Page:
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One Child Policy In China Essay

2098 words - 9 pages

Every country has its own perks, laws, and history that make it unique all on its own. Different things like slavery in America and Venezuela’s current issue on how the students of that country are fed up with the leaders and are taking a stand are just examples of what shapes a country into what it is today. In china there are many issues that shape it into the populous country it is but one in particular really boomed the way of living in china. The one child policy has become, at least in the west, china’s most controversial family planning policy.
During the 1970’s under Mao Tse-thung’s ruling, China’s population was increasing toward a grand total of one billion people. When Mao ...view middle of the document...

(chai, 189)
The one child policy was not the only way china tried to control the population in china. China has tried different ways to control the population and to ensure that the one child policy stays true. The Chinese government has had birth control programs where they hand out birth control to women all over the country to keep them from having more children. Every month the women in some parts of the countries have to meet up with an official to have them record their period cycle every month. Not coming to these meetings would sometimes result in severe consequences.
Another explanation for the stabilization of the population is the improvement of public education. Education has a direct effect on the desired family size of Chinese women. Illiterate women desire 3.1 children on average, those literate with below middle school education hope for 2.6, middle-school-educated women want 2.4, and those with a high school education or above desire only 2 children. Approximately 58% of illiterate women have not discussed family planning with their husbands (Li, 104). With the information presented in this book, the policy seems very feasible to any person with an education. Having an education makes you aware of what is going on around you and helps the person understand that you need money to continue with life.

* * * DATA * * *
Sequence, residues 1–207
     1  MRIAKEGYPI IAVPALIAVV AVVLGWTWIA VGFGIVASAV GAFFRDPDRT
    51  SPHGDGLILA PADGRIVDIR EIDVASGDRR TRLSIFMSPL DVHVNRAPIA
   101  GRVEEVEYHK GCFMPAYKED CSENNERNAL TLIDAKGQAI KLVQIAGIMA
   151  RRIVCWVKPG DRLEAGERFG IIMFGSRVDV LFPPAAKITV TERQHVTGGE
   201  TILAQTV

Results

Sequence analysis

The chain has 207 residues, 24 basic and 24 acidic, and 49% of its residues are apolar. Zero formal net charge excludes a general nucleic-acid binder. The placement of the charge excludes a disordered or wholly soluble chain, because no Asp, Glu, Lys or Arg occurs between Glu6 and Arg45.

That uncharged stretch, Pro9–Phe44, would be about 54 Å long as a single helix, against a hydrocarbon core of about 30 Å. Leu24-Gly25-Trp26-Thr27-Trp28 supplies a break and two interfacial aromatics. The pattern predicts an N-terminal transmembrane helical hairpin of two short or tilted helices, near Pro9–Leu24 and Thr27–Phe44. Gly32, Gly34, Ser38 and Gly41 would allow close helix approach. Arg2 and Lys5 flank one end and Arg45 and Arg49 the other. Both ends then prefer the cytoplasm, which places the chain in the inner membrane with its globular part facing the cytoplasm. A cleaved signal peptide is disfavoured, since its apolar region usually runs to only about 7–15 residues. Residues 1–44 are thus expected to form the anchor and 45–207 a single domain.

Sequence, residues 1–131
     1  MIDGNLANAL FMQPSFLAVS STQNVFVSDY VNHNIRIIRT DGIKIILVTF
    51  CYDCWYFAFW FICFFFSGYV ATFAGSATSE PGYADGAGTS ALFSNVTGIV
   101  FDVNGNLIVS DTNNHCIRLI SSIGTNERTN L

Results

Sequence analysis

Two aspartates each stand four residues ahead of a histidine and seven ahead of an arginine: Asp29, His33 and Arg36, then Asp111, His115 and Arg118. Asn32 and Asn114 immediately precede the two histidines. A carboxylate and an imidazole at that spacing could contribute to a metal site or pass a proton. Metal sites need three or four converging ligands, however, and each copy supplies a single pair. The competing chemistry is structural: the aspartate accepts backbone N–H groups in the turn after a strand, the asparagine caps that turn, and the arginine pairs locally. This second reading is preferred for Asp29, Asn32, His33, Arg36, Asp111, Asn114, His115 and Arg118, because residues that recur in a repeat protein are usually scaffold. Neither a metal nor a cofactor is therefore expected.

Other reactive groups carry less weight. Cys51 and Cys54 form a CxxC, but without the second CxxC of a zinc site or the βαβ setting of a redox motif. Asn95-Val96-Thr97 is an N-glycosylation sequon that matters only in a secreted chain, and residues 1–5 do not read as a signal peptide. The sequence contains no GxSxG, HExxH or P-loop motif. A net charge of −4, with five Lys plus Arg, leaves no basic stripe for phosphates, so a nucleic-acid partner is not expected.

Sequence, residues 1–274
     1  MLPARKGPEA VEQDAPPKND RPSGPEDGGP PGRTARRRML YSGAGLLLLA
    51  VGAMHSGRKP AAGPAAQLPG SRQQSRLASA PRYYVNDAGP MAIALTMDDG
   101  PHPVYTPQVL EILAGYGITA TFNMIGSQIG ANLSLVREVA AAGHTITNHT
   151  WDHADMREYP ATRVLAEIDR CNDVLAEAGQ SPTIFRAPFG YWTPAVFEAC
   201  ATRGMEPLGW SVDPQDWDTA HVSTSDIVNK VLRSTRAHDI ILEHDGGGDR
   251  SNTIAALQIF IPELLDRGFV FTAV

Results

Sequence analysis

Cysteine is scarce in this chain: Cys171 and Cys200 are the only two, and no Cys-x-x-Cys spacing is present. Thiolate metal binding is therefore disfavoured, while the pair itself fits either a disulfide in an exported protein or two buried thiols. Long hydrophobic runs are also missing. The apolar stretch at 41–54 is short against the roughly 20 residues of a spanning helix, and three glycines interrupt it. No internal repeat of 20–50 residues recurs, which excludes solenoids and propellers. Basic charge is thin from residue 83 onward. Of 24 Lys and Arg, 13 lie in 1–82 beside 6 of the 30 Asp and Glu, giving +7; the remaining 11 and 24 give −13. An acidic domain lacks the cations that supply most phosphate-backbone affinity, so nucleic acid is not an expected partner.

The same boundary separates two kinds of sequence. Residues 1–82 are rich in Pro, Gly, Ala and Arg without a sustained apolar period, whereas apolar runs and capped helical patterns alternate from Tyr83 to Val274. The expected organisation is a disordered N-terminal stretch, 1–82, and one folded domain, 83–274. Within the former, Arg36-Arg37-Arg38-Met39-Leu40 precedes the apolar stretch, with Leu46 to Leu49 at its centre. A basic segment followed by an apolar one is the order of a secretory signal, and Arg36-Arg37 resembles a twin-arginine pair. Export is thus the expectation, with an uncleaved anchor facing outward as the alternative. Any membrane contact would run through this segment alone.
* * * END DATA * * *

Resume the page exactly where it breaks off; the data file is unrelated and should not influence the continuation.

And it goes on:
In the 2000 censes, the male-to-female ratio was severely skewed showing 117 males for every 100 females born. It is also said that the ratio would have increased to 120 males to 100 females in the 2010 censes. (chai, 189)
The problem begins with the preference to have boys rather than girls. Since the policy strictly enforces that couples can only have one child, Chinese couples wants to make sure that they have a boy. In the eyes of the Chinese people, boys are more valued than girls. My friend’s grandmother is Chinese and even though she has a lot of love for all her grandchildren, everyone in the family knows that she favors the boys more than the girls. For instance, on Chinese New Years her grandmother gives out money in lucky red envelopes to everyone. Every year, she gives more money to the boys than the girls. When she cooks, she would serve the boys first and when there’s an argument, she would always defend the boys. Every time one of her aunts gets pregnant, her grandmother would hope that it’s a boy. If the baby turns out to be a girl, she gets disappointed. (Cheung, interview)
Boys are more valued because they carry on the family name. Carrying on the family name is a very important Chinese tradition. It signifies power, tradition and honor. The daughters will eventually get married and change their last name. Once daughters get married, they move out and take care of the in-laws. To the Chinese people, the daughter would no longer contribute to the family because they would have other responsibilities at their new home. On the other hand, if Chinese couples have a boy, the boy would be responsible to...

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